SAN DIEGO — A huge house near 11th Avenue and G Street looks like an old hotel, or maybe a historic landmark. But it is a home for 40 men furloughed from prison who are making the transition to life on the outside.
A few blocks away is a huge warehouse, one of many in the downtown business district. More than 2,000 alcoholics sober up there every month.
In El Cajon, Spring Valley and Flynn Springs neighborhoods, homes housing battered women, homeless families and the mentally ill blend in with their neighbors.
From the outside, no one can tell that these buildings shelter people in serious trouble with nowhere to turn. Inside, there are stories of despair and hope, isolation and salvation. These are places of last resort, all run by Volunteers of America, one of the oldest and largest nonprofit organizations in the nation.
"We're the best-kept secret in town," joked Bob Ransweiler, director of the Volunteers of America Southwestern Corp. "One of our biggest problems has been that we get so busy building programs that no one knows who we are."
That's the way VOA prefers to operate--with a low profile, in a low-key manner, following a 90-year tradition of service to those in need.
VOA was started by the son of the founders of the Salvation Army, before the turn of the century. California VOA programs began around 1917. Though the Salvation Army and VOA often serve the same clientele, there are differences in their philosophies and orientation, Ransweiler said.
"Volunteers of America is evangelical in its outreach," he said. "Those in the Salvation Army are Salvationists."
VOA supports belief in a spiritual being and encourages its clients to practice the faith of their choice, but there are no religious requirements and clients are not expected to listen to sermons or attend religious meetings. Bibles and prayer cards are placed in each room of the residential programs, and spiritual slogans are the favored artwork in most facilities, but that's as far as the religious emphasis goes.
Since VOA emphasizes human service rather than religion, it is eligible to receive government funding. Ransweiler takes pride in the fact that the local programs were all established at the request of government and social service agencies.
The San Diego chapter, incorporated in 1984, serves five Southern California counties. The nine programs operating in San Diego County served an estimated 27,000 alcoholics, ex-offenders, and homeless and mentally ill persons last year. The corporation's annual budget of $3.2 million comes from state and county grants and fees for services. Government funds are often matched by private donations.
The local organization celebrated the national VOA's 90th anniversary in March with a dinner in Balboa Park honoring its volunteers. The 100 or so volunteers contribute more than 1,500 hours of service a month.
"Volunteers are the backbone of nonprofit today. Without them we would be lost," Ransweiler said. "Naturally, we're always seeking new volunteers."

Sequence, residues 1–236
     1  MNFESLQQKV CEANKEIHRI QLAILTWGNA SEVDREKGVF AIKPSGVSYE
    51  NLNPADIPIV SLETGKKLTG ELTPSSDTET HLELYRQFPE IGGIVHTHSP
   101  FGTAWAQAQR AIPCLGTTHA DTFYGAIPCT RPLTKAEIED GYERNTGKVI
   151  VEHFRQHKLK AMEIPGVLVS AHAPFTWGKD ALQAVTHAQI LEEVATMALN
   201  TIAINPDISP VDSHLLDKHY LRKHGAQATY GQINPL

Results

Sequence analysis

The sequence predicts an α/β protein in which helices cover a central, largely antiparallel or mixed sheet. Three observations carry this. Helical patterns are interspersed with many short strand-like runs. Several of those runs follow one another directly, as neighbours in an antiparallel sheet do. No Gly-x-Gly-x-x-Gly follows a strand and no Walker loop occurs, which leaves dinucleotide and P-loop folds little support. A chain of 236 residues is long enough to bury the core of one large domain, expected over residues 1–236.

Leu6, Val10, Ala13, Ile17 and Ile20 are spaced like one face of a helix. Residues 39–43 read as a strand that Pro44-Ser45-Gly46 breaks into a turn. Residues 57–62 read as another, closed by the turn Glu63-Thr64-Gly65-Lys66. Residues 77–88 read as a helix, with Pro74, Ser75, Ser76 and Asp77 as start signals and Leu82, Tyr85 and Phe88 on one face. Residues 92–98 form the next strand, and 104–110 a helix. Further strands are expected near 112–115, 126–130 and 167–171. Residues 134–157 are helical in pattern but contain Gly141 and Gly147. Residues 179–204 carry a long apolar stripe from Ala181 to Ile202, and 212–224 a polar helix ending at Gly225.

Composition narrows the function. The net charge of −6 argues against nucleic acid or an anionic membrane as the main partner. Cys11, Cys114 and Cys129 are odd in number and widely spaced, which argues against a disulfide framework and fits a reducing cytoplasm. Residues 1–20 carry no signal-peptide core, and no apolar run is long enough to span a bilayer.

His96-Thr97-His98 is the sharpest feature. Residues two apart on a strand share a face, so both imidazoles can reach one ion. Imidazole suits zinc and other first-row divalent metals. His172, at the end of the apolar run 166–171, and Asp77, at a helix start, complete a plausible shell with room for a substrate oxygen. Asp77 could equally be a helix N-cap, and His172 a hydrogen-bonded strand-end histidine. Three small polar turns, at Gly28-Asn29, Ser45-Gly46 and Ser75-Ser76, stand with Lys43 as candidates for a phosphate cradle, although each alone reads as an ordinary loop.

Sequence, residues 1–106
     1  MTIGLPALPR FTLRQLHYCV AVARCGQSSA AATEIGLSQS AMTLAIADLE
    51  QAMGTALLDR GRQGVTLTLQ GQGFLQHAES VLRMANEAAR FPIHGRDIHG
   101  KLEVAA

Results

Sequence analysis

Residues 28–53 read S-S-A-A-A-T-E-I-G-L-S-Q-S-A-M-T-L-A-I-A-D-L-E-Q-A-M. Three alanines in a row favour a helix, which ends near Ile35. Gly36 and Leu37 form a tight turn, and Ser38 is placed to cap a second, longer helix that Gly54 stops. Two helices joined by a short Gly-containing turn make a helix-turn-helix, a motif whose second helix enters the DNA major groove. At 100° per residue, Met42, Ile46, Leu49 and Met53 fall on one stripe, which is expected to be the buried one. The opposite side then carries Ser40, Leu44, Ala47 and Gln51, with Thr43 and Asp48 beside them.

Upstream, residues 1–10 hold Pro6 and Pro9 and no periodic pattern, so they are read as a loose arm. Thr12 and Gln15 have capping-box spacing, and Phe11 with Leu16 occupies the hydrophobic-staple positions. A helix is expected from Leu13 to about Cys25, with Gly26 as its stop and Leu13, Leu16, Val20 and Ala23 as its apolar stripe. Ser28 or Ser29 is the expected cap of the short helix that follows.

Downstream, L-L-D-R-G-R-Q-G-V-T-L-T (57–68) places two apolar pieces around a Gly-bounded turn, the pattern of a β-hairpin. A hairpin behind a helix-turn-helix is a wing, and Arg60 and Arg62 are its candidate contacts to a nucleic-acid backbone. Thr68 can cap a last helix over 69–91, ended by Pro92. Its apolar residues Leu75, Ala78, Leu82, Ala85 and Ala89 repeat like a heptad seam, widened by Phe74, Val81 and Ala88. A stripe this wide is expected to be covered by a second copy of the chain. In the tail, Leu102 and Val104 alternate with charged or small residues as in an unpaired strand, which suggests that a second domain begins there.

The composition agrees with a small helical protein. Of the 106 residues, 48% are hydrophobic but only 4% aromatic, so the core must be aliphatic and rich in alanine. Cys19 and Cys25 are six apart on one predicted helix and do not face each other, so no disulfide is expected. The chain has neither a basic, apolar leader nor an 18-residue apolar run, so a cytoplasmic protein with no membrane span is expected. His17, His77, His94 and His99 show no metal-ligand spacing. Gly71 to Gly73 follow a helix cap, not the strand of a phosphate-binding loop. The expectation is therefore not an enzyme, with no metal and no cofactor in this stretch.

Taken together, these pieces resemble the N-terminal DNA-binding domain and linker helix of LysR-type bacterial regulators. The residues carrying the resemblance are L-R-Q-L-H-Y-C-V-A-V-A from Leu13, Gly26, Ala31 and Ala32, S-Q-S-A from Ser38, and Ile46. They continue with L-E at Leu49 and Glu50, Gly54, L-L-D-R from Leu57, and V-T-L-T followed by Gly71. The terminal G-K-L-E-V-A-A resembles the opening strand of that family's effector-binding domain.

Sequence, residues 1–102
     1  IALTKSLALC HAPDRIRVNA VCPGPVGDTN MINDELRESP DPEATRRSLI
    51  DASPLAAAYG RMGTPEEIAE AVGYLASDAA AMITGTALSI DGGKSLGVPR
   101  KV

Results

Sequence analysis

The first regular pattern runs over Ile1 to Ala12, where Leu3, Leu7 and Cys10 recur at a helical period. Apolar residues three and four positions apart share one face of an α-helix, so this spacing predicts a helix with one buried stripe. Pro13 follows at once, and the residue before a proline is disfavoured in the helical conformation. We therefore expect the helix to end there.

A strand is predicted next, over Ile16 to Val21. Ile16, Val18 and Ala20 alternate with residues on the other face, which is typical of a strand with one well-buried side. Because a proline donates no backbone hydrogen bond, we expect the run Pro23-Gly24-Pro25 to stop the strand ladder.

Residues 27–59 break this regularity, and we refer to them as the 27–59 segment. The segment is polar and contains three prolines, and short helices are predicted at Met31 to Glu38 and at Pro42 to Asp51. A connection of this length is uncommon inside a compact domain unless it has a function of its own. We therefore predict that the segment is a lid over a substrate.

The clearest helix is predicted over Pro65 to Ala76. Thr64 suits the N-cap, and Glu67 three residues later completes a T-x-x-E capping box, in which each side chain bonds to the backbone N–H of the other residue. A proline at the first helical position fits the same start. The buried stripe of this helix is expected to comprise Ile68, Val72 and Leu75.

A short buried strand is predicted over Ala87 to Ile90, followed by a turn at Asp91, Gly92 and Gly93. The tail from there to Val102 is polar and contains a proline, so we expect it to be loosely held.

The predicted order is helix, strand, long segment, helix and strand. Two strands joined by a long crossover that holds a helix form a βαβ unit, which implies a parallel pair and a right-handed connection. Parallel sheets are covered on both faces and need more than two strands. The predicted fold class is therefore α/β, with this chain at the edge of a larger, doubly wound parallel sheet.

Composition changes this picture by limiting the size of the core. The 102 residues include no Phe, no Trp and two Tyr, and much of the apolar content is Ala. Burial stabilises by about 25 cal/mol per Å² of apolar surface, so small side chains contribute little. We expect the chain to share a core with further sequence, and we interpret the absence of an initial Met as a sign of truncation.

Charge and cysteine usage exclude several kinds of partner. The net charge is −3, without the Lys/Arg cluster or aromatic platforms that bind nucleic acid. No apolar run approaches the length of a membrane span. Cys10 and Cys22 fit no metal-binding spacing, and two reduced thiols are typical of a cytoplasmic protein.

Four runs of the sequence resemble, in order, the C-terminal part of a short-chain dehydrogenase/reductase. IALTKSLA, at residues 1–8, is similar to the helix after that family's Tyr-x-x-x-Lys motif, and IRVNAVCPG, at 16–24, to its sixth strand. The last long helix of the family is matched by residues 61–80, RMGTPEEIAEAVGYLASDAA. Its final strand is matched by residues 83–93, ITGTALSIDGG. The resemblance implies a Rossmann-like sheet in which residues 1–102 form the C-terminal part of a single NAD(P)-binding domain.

Sometimes the group doesn't have far to look to find new volunteers. Often, graduates of VOA's alcohol treatment center downtown return as volunteers or staff members.
Marian Moore, director of VOA's Sobriety House, is a recovering alcoholic who has been sober for six years.
"I tried so many times to get sober and just couldn't," she said while leading a tour of the facility recently. "Then somebody brought me to Detox and that was my turning point."
Moore started her recovery process at the VOA's Inebriate Reception Center, the first step in the organization's "5 in 1 Plan to Sobriety." The only program of its kind in the county, the plan offers a full range of recovery services in one setting--that big anonymous warehouse.
Police from all over the county bring in an average of 80 individuals a day. The inebriates avoid going to jail by agreeing to cooperate with police and go to IRC instead.
Sleeping on Mats
They are allowed to spend four hours at IRC, sleeping on mats on the floor of a large, gymnasium-type room, drinking cups of "detox coffee," and talking with volunteers and staff members who know firsthand how difficult drying out can be.
"A lot of the people who we see are surprised to be in here," said Debby Lara-Toney, the director of the alcohol treatment program, whose parents were alcoholics. Those admitted to IRC come from every segment of society.
The staffers make every attempt to convince alcoholics that there are other ways to live. "If they are willing to make the commitment to changing their life style, we take them in our three-day dry-out program," Lara-Toney explained.
Formally called the Detoxification Unit, the program is on the other side of the same large room, just across a red dividing line. Participants are given a bed, a place to clean up, three meals a day, and the opportunity to rid their systems of alcohol with the encouragement and support of volunteers and staff.